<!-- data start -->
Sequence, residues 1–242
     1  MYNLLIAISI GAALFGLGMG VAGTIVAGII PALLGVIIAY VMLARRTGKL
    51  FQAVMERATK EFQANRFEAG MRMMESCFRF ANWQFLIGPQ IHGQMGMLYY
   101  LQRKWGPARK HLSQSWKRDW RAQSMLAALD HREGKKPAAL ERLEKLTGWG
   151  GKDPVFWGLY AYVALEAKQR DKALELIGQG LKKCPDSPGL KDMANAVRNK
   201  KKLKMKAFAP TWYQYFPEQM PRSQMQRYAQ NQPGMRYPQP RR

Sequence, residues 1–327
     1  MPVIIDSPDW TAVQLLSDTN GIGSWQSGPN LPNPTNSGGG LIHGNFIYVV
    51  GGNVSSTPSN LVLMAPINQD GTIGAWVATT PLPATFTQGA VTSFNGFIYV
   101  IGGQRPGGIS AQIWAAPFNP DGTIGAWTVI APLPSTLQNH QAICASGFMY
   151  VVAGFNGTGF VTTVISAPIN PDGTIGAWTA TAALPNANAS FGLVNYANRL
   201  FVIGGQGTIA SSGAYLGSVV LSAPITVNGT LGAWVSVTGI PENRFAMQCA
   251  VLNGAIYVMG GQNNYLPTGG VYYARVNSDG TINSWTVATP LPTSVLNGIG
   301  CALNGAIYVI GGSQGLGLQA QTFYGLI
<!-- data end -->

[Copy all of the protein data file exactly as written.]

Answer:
Sequence, residues 1–242
     1  MYNLLIAISI GAALFGLGMG VAGTIVAGII PALLGVIIAY VMLARRTGKL
    51  FQAVMERATK EFQANRFEAG MRMMESCFRF ANWQFLIGPQ IHGQMGMLYY
   101  LQRKWGPARK HLSQSWKRDW RAQSMLAALD HREGKKPAAL ERLEKLTGWG
   151  GKDPVFWGLY AYVALEAKQR DKALELIGQG LKKCPDSPGL KDMANAVRNK
   201  KKLKMKAFAP TWYQYFPEQM PRSQMQRYAQ NQPGMRYPQP RR

Sequence, residues 1–327
     1  MPVIIDSPDW TAVQLLSDTN GIGSWQSGPN LPNPTNSGGG LIHGNFIYVV
    51  GGNVSSTPSN LVLMAPINQD GTIGAWVATT PLPATFTQGA VTSFNGFIYV
   101  IGGQRPGGIS AQIWAAPFNP DGTIGAWTVI APLPSTLQNH QAICASGFMY
   151  VVAGFNGTGF VTTVISAPIN PDGTIGAWTA TAALPNANAS FGLVNYANRL
   201  FVIGGQGTIA SSGAYLGSVV LSAPITVNGT LGAWVSVTGI PENRFAMQCA
   251  VLNGAIYVMG GQNNYLPTGG VYYARVNSDG TINSWTVATP LPTSVLNGIG
   301  CALNGAIYVI GGSQGLGLQA QTFYGLI